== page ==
Balanchine and Forsythe at the School of American Ballet Workshop Performance

Peter J Sharp Theater, New York
June 1, 2019

David Mead

It was Balanchine almost all the way at the 55th annual workshop performances of the School of American Ballet, the only interruption being a pas de deux from William Forsythe. As always, there were plenty of fine performances, although this year no-one really stood out. No-one made you sit up and think maybe you’ve just seen a star of the future.

The afternoon opened with a few welcoming words and tributes to two former teachers who passed away during the previous year: intermediate and advanced technique, partnering and character teacher Andrei Kramarevsky; and Peter Frame, particularly credited with developing a strength training program for the dancers. Most noticeable was the line-up of this year’s graduates behind the speakers, however: just four boys out of nineteen dancers, and a group far from uniform in look.

Given it was devised as an exercise in stagecraft, Concerto Barocco is a perfect ballet for these SAB performances. Staged by Suki Schorer and led by soloists Rommie Tomasini and Zoe Bliss Magnussen, it was very pleasingly danced indeed. The ensemble even made the winding in and out, under each other’s arms, and then the subsequent unwinding, look easy. Magnussen drew the attention from her first entrance. She is remarkably light in everything she does, and when lifted by the attentive Benjamin Lepson in the pas de deux, she soared as if on an endless thermal. Things may have occasionally looked a little scrunched up on the relatively small Peter J Sharp Theater stage, but it was also a treat to see the ballet closer-up that usual, even with an orchestra in the pit.

Zoe Bliss Magnussen and Ben Lepson in Concerto BaroccoPhoto Paul Kolnik
Zoe Bliss Magnussen and Ben Lepson in Concerto Barocco
Photo Paul Kolnik

Space was rather more at a premium in the Garland Dance from Balanchine’s The Sleeping Beauty that followed, being danced at the workshop for the first time. It finished with no less than 57 dancers on stage, young children to advanced students. It is a riot of colour (to the point of being garish) and movement, and was danced with great enthusiasm. A little more room would have allowed the patterns to be enjoyed better, though.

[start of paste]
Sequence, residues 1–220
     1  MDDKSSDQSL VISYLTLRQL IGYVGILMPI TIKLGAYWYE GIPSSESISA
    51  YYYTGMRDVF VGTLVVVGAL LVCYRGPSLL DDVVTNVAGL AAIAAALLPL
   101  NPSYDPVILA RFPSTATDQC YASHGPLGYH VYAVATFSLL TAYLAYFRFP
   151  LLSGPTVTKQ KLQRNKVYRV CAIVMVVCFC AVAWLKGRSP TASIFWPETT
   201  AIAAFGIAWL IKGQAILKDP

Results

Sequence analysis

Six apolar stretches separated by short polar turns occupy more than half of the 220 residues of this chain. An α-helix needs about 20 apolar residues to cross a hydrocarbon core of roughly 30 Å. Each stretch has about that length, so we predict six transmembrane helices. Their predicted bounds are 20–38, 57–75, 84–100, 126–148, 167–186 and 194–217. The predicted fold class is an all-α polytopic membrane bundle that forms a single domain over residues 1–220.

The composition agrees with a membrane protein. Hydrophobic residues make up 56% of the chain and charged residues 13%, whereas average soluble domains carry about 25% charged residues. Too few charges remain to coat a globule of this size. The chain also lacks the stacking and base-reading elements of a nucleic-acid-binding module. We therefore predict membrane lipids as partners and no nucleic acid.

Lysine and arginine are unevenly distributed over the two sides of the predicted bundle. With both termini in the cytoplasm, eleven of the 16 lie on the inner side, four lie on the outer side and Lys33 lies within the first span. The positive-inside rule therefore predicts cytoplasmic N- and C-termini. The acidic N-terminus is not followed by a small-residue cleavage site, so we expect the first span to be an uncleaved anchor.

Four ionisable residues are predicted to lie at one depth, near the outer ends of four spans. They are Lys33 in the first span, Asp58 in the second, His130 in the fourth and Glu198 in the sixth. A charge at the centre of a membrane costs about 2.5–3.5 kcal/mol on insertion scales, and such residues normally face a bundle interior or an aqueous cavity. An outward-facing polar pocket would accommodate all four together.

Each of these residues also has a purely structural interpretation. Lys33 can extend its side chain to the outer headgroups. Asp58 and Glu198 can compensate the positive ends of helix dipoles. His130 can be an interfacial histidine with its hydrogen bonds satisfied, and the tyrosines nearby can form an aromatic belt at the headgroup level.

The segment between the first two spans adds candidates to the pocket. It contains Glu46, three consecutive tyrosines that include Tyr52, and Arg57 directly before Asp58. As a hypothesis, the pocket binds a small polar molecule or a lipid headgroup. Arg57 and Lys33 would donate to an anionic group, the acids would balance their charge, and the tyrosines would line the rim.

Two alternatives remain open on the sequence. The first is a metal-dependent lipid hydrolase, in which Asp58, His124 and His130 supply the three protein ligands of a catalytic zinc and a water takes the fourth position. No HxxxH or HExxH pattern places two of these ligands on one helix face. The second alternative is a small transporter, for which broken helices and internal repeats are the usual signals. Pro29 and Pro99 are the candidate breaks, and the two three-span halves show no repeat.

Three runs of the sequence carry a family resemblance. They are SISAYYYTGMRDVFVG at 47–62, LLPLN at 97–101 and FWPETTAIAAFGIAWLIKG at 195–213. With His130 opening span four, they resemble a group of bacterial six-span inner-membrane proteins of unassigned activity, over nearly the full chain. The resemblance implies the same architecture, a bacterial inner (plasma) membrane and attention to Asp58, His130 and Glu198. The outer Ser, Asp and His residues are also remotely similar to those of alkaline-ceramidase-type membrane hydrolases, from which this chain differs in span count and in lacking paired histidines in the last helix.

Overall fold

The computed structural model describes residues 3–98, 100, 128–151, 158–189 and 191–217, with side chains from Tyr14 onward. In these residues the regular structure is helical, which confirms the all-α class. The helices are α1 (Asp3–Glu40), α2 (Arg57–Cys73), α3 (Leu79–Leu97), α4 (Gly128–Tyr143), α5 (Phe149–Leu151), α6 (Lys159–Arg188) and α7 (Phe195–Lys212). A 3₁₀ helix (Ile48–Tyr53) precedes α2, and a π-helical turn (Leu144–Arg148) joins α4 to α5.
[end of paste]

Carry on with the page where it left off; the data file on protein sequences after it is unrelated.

The pas de deux from William Forsythe’s New Sleep to a typically industrial, electronic score by Thom Willems, brought a change of mood. Goodbye summer sunshine, hello dark night. Although Forsythe’s ballets have been performed by New York City Ballet, this was the first time his choreography has been danced by SAB students as part of workshop. It’s typical Forsythe of the period, stretching the classical vocabulary but still very much rooted in it. The powerful Shelby Tzung and Ross Allen made a good fist of it, performing with authority, but for me the dance didn’t quite have the attitude it should. It was just a touch too nice, too polite. It needed taking closer to the edge with a few more movement full stops and capital letters.

Shelby Tzung and Ross Allen in the New Sleep pas de deuxPhoto Paul Kolnik
Shelby Tzung and Ross Allen in the New Sleep pas de deux
Photo Paul Kolnik

It was back to Balanchine to round things off and Bourrée Fantastique, a classical showpiece featuring 44 dancers across three movements that runs from comedy, through romance, to glorious exuberance. It was among his first creations for New York City Ballet, but for some reason has not been danced by them since 1993.

The opening movement was a cracker. A mini-story, Bourrée Fantastique sees the man longing for a kiss, just one kiss, from the woman, who teases and makes him wait and wait. Mary Kate Edwards and KJ Takahashi played the tall girl-short guy humour for all it was worth. Takahashi is clearly something of a livewire, and comes complete with super high jumps and a winning smile. There’s some interesting choreography too as Balanchine takes aim at a few conventions, including flexed feet and pointework all jumbled up. The man does eventually get his kiss, by the way.

There’s no such luck for the man in the Prelude, which brings a total change of pace and mood. Mia Domini and Colby Clark were the couple who meet but who cannot connect, and who eventually slide apart. They were full of poise, bringing just the right hint of darkness and mystery to proceedings. The dazzling Fete Polonaise, led by Amarra Hong and Ross Allen, sent everyone away happy.

The June 3 workshop also featured the pas de deux from Balanchine’s Agon in tribute to the legendary Arthur Mitchell, who died in 2018.

The list of destinations for the graduating dancers is impressive indeed. Apart from New York City Ballet, they are off to the National Ballet of Canada, Sarasota Ballet, Semperoper Ballett in Dresden and most major regional American companies. As one stage of their journey draws to a close, another exciting, challenging stage is about to begin.